Throughout our study of ancient civilizations we have been going to our library to check out relevant videos from the series Ancient Civilizations for Children. Each video teaches how we learn about a specific civilization through archaeology. The Ancient Mesopotamia video covers the Israelites and the Ancient Egypt video also covers the Hebrews time in Egypt.
We also watched Prince of Egypt and Joseph Man of Dreams for fun when we finished reading about Joseph's life and later the Exodus.
Hands On Learning
Apparently you can buy toys for almost any story from the Bible, including the stories of David and Goliath, Noah's Ark, and the Calling of the 12 Disciples. A Bible Trivia Game would be a great review game.
For Further Reading
Homeschooling (and parenting) a dysgraphic well means using all of the resources at your disposal to help your child succeed. Eventually, my son will rely on typing to communicate through writing (thank you God for technology!) but my goal is to help him to someday be able to write legibly when he absolutely needs to.
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The World's Coolest Offshoot of Silly Putty
Crazy Aaron's Thinking Putty is a lot like Silly Putty, except for it is a little stiffer and the colors are amazing. We have Thinking Putty in the small sizes and in the larger sizes. The large size is a handful of putty, so the entire hand gets a workout, not just the finger muscles. Thinking Putty is great for hand strengthening and working out stiffness in hands after writing.
I used to walk my son to the park daily, just so I could get him on the monkey bars. Monkey bars are great for strengthening hands, arms, and shoulders, which are key areas to focus on in dealing with dysgraphia. Unfortunately, with his last growth spurt, my son it too tall for all of the parks with monkey bars near our house, so now we get in a monkey bar workout maybe once or twice a month.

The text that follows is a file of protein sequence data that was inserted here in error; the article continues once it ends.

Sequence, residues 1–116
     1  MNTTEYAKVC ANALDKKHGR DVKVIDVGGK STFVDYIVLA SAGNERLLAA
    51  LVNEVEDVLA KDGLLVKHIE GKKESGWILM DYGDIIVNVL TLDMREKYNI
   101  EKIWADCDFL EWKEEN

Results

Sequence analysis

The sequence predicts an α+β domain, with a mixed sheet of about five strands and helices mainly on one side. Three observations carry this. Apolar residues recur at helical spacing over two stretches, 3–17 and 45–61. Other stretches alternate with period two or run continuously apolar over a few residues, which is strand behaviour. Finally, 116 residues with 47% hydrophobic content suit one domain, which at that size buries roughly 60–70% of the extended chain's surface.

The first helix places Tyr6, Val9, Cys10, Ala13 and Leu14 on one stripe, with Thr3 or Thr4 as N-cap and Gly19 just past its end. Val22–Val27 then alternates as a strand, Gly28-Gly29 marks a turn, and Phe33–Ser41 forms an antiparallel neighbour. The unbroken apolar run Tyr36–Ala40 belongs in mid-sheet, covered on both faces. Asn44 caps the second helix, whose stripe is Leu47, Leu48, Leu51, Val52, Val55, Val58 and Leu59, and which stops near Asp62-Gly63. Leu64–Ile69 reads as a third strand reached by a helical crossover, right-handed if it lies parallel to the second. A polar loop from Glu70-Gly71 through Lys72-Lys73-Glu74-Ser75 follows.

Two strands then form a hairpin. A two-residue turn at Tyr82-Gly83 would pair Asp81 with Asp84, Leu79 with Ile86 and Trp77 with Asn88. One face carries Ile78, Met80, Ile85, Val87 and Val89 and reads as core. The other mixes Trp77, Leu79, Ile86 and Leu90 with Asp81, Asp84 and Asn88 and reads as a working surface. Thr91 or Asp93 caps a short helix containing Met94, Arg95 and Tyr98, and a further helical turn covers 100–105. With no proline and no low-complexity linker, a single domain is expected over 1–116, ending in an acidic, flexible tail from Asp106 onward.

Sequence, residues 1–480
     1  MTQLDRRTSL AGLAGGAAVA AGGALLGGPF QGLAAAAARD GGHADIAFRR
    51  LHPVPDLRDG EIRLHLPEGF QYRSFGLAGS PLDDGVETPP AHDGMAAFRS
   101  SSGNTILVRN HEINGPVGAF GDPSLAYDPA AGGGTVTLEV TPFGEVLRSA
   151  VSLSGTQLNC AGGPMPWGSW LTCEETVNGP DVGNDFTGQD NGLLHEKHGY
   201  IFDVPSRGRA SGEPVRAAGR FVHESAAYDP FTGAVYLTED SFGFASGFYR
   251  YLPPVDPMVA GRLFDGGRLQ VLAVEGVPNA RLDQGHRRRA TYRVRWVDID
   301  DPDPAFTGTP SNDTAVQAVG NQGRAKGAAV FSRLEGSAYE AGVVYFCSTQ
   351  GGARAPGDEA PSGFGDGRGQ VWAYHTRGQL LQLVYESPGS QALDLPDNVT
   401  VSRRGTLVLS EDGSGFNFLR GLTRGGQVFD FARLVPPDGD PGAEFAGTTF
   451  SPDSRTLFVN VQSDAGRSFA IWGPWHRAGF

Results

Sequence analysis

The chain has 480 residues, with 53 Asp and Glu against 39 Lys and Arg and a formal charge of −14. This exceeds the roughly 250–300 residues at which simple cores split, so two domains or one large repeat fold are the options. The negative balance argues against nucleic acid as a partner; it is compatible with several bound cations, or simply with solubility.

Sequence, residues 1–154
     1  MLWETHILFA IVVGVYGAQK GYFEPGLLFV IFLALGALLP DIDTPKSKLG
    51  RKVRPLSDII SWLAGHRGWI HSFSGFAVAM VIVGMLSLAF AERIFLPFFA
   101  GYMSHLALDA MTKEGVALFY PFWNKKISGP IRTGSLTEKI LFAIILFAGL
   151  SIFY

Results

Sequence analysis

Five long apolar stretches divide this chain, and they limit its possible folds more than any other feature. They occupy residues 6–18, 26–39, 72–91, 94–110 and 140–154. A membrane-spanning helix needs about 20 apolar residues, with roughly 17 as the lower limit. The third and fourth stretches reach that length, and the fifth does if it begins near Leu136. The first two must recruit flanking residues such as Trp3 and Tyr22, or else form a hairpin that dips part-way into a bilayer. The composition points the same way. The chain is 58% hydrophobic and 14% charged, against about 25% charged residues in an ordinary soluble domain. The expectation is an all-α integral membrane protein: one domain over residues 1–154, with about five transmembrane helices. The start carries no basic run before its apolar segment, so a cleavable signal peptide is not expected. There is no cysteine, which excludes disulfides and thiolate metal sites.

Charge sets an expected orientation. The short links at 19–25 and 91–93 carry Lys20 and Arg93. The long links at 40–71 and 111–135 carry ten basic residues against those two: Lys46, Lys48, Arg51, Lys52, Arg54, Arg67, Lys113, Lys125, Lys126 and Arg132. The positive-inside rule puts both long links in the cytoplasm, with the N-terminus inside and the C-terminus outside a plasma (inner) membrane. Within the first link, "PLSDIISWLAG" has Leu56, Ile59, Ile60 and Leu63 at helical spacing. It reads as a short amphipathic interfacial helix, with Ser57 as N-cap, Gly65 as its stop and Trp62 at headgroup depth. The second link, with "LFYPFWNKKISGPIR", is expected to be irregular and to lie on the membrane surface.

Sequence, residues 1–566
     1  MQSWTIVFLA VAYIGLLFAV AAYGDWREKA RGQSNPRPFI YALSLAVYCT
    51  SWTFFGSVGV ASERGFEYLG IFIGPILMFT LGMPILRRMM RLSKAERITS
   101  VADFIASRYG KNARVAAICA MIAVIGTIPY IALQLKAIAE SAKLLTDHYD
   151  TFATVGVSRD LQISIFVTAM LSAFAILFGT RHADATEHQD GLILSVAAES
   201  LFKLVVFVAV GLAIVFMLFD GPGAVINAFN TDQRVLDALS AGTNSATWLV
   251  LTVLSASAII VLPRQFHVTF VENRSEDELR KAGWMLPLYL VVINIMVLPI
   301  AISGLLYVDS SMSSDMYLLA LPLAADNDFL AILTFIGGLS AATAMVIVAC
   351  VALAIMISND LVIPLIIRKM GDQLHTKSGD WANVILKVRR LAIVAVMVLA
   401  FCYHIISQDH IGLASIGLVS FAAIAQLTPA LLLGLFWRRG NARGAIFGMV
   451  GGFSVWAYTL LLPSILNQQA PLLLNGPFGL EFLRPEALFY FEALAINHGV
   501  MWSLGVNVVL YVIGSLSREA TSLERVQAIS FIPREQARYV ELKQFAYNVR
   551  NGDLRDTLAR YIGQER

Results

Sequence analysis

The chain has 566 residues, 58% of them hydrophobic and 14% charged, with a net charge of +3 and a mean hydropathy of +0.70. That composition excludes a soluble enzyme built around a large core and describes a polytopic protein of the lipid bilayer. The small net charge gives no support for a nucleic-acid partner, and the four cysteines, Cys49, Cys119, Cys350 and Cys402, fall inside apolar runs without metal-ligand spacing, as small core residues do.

We don't just use binders for organization, we also use them as slanted surface to write on. It's hard for my son to "hook" his wrist on a slant while he's writing like some dysgraphics do.
Graph paper is the best tool I've used for spatial dysgraphia. On regular, lined paper my sons handwriting looks like this:
Please note, he is trying to write legibly and he is not hurrying. Also, the generous spacing between the lines means that this handwriting sample is better than normal.
Simply adding graph paper later in the day and instructing him to put one letter per box resulted in this:
I just created some graph paper notebooking pages for younger elementary students with a 1 centimeter grid. They are available at Teachers Pay Teachers. I also have a set of notebooking pages for Upper elementary and middle school dysgraphic students also.
(I wrote more about how I use graph paper for dysgraphia inthis post)
My son is resistant to using highlighters, but they work. Whenever he does need to fill out a worksheet or use lined paper, if I highlight along the line, he has a visual guide on where to line up his letters. Unfortunately, he resists this modification so I use it a little as possible. Occasionally, I highlight
That's it. My favorite low tech tools to help with dysgraphia. If you teach a student with dysgraphia, what tools do you use?
This week my daughter turned six! In just three years of homeschooling I've learned that while it isn't too hard to get kids to do a little schoolwork on their birthdays, it is nearly impossible to get them to pick up a pencil the day after. New books and toys are just too distracting.
Since my daughter just turned 6, I didn't worry much at all about what she did or didn't do and took some extra, unhurried time helping my oldest son work on an essay. She spent her school hours with self-directed projects: learning simple drawings from this adorable book, arranging her stuffed animal collection on her new dollhouse/bookshelf, and reading a bit of twaddle she requested for her birthday.
She is the kind of girl who enjoys taking time to bring her new things into her life and it was a joy to watch her savor her gifts. God gave her to me for a reason and I have much to learn from her.
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This week, I wrote about what I've learned from homeschooling my son who has Dysgraphia and I made a free printable of poems.
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I've been reading a lovely collection of essays by CS Lewis and I'd like to share his thoughts on reading age-appropriate books. He definitely believed that adults should be free to read fairy tales and children should be free to read challenging books.
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Linked to Weekly Wrap Up.
There's nothing like dealing with a learning disability to to make you fine tune your educational focus. My son's dysgraphia has taught me more about education than any other course, book, or experience I've had.
Choose Quality Over Quantity